Adelaide Luke, Aaron Ong and Amanda Tay
Malaysia’s Competition Act (Act) was first enacted in 2010 (becoming effective in 2012), and is regulated by the Malaysian Competition Commission (MyCC). Whilst the MyCC’s initial focus was on education and advocacy, this has firmly shifted to enforcement. The last few years have seen an increase in the level of enforcement, and the indications are that this trend is set to continue.
As with most competition law regimes around the world, the Act is extraterritorial in its effect. This means that it does not matter where the conduct at issue takes place: the Act will apply if there is an effect on competition in Malaysia. Hence, it is important for both local and foreign enterprises to be aware of the implications of the MyCC’s increased level of activity.
In this article, we discuss the background and key takeaways of the recent case of Competition Commission v. Dagang Net Technologies Sdn. Bhd. (Case No. 700-2/2/003/2015) (Dagang Net Case), where MyCC held that Dagang Net Technologies Sdn Bhd (Dagang Net) enjoyed a dominant position, and abused that position by imposing excessive exclusivity provisions with software providers. Following its investigation, the MyCC imposed a fine of MYR10.3 million.
Background of the Dagang Net Case
Dagang Net, a wholly owned subsidiary of the public listed Dagang NeXchange Berhad, has been the Malaysian government’s sole service provider in the provision of Malaysia’s National Single Window (NSW) for trade facilitation since 2009.
Following complaints by software providers regarding Dagang Net’s conduct, the MyCC commenced an investigation in or around 2016. The complainants alleged that, between 2015 and 2017, Dagang Net had imposed an exclusivity clause in its agreements with software providers. The effect of these clauses was the reinforcement of Dagang Net’s position on the market because the software providers were prevented from providing similar services to future competitor(s) of Dagang Net.
The MyCC held that Dagang Net contravened Section 10(1) of the Act, which prohibits an enterprise from engaging, whether independently or collectively, in a conduct which amounts to an abuse of a dominant position in any market for goods or services in Malaysia.
In its provisional decision, the MyCC also made a provisional finding that Dagang Net refused to supply electronic mailboxes to certain customers. However, in its final decision, the MyCC concluded that Dagang Net’s refusal to supply did not significantly prevent, restrict or distort competition and therefore did not amount to an infringement of section 10.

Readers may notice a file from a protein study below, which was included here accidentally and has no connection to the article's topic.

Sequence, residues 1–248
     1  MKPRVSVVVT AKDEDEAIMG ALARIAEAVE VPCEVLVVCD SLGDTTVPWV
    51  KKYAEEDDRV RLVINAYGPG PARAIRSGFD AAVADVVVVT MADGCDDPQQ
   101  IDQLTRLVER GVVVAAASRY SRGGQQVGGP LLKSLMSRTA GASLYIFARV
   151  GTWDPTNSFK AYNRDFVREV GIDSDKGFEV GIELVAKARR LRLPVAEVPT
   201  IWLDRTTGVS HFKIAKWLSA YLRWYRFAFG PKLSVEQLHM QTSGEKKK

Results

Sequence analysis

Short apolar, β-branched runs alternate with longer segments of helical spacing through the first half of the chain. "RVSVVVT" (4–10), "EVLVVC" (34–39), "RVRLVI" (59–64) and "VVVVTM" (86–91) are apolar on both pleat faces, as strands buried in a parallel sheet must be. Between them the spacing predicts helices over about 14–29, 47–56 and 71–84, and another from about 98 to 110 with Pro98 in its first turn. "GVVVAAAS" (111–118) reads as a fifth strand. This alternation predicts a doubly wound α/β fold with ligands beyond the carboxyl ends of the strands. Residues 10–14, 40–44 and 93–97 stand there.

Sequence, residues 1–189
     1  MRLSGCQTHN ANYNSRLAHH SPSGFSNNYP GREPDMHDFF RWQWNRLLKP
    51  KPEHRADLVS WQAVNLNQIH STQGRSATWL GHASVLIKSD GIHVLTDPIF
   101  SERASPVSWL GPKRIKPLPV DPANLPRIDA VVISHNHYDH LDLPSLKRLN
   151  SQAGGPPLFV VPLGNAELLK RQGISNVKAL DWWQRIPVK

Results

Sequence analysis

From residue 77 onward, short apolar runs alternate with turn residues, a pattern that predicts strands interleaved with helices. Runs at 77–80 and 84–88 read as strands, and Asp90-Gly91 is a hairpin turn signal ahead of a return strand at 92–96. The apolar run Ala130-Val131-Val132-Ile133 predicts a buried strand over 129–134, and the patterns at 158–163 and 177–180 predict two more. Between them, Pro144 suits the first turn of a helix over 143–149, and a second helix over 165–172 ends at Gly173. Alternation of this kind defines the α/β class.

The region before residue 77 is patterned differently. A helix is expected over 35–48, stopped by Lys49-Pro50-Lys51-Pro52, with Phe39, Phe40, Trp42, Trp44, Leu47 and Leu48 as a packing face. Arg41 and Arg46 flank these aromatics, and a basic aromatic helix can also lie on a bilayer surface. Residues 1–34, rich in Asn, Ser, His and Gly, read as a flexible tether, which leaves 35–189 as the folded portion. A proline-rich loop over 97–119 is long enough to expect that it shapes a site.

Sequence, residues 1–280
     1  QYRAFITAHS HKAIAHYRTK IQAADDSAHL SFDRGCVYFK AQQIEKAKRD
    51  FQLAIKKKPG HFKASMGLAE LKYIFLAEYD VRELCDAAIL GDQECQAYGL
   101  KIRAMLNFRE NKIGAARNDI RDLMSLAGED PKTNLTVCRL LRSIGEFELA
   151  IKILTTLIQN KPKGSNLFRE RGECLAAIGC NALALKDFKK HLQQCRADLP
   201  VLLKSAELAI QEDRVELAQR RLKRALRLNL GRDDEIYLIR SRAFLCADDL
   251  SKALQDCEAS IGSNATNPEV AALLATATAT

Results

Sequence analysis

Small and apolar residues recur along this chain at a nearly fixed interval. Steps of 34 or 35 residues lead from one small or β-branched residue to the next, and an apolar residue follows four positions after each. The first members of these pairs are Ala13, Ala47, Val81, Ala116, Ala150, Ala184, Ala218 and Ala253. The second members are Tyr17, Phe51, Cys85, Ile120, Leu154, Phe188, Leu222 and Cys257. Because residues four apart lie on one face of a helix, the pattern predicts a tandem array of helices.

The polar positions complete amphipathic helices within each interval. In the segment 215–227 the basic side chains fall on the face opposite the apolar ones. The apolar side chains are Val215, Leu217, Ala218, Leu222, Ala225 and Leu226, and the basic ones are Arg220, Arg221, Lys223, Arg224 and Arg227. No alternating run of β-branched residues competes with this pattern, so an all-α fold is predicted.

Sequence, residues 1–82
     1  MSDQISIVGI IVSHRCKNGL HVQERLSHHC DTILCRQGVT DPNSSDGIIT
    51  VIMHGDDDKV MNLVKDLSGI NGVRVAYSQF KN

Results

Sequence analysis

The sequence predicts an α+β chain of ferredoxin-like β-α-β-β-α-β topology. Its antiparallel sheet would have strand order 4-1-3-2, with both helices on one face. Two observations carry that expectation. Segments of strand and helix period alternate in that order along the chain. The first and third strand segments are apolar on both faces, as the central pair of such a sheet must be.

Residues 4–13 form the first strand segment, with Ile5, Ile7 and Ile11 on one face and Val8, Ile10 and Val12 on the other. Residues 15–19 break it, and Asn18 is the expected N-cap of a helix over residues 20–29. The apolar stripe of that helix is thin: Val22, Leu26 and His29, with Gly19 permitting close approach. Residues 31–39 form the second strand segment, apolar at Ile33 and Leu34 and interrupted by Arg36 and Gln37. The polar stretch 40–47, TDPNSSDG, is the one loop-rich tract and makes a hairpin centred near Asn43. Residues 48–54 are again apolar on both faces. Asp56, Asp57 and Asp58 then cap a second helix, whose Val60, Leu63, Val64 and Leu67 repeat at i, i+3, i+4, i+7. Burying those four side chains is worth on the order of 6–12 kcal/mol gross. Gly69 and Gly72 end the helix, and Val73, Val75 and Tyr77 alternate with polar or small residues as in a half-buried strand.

Key to the infringement decision were the MyCC’s findings that: (a) at the time of the alleged infringement, Dagang Net held a dominant position in the relevant market, and (b) that Dagang Net had abused that dominant position.
The decision held in the Dagang Net Case is important for a variety of reasons. We set out below some key takeaways.
1. Legal monopoly is considered a “dominant position”
Under the Act, a dominant position arises where one or more market players possess such significant power in a market such that they are able to adjust price or outputs or trading terms, without effective constraint from competitors or potential competitors.
Dagang Net had contended that, as it is a monopolist without competitors, it cannot be held to have a dominant position. MyCC disagreed.
MyCC held that the Act regulates the behaviour of enterprises and not its form or structure. Further, MyCC referred to established EU principles and cases1 wherein it has been established that an enterprise vested with a legal monopoly may be regarded as occupying a dominant position within the meaning of Article 102 of the Treaty for the Functioning of the European Union (TFEU).
2. Future operations could be included as part of “relevant market”.
In its decision, the MyCC identified the market for the provision of trade facilitation services in Malaysia as the relevant market within which to conduct its assessment.
The MyCC determined that the relevant market here included not only the current NSW system Dagang Net was operating in, but also a new system, known as uCustoms that while not yet in operation is due to be implemented imminently, and both systems will serve as platforms to end-users to submit trade declarations.